Grow a Three Sisters Garden

(Sample Planting Layouts Included!)

The Three Sisters is an ancient companion planting method that originated with Native American tribes, who planted corn, beans, and squash together for mutual benefit.

The corn formed a trellis for the beans to climb, the beans fixed nitrogen in the soil for heavy-feeding squash, and the squash shaded the soil with its long vines, retaining moisture and suppressing weeds.

The method is still as relevant today as it was in the past, and this guide will show you when and how to plant a Three Sisters garden (with sample plans for garden layouts).

Corn is pollinated by wind and stands a better chance of producing nice, full ears of corn the more corn plants you have. It’s best grown in clusters, blocks, or staggered rows (rather than a single straight row) to ensure enough pollen gets around to all the plants.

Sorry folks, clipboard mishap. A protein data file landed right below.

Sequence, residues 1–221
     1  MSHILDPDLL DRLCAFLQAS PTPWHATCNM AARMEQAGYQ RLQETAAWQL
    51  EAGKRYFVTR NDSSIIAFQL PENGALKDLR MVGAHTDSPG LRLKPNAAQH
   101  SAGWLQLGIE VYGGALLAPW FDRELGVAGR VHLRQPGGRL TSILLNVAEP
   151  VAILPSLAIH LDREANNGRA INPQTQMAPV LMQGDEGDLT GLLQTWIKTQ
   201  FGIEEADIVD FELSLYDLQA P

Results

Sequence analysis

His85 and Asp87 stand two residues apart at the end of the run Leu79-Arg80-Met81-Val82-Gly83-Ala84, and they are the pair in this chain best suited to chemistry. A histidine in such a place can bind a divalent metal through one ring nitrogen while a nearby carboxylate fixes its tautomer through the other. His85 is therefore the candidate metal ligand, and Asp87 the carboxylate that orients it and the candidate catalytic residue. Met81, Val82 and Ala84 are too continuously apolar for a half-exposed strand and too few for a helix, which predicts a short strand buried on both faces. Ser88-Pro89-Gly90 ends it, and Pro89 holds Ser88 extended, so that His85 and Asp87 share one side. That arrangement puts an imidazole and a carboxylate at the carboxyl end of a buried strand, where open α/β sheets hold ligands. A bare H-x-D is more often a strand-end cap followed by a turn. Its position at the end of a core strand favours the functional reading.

Squash is pollinated by insects, so growing multiple squash plants in proximity will attract more insect activity once they start blooming. (In a pinch, you can also hand-pollinate squash.)

Beans are self-pollinated and will produce beans even with just one plant, but in an intensively planted garden bed like a Three Sisters, they tend to have a slightly lower yield so you’ll get more beans the more plants you have.

My 4×6 bed in these images sits against a wall, so I sowed the corn across the back first, placing a seed in a staggered row every 8 inches.

Once the corn seedlings grew 4 to 6 inches tall, I sowed the beans about 6 inches in front of them, placing a seed every 3 to 4 inches, and then the squash along the edge of the bed every 2 feet, letting the vines eventually spill over the side.

Swipe up to learn more.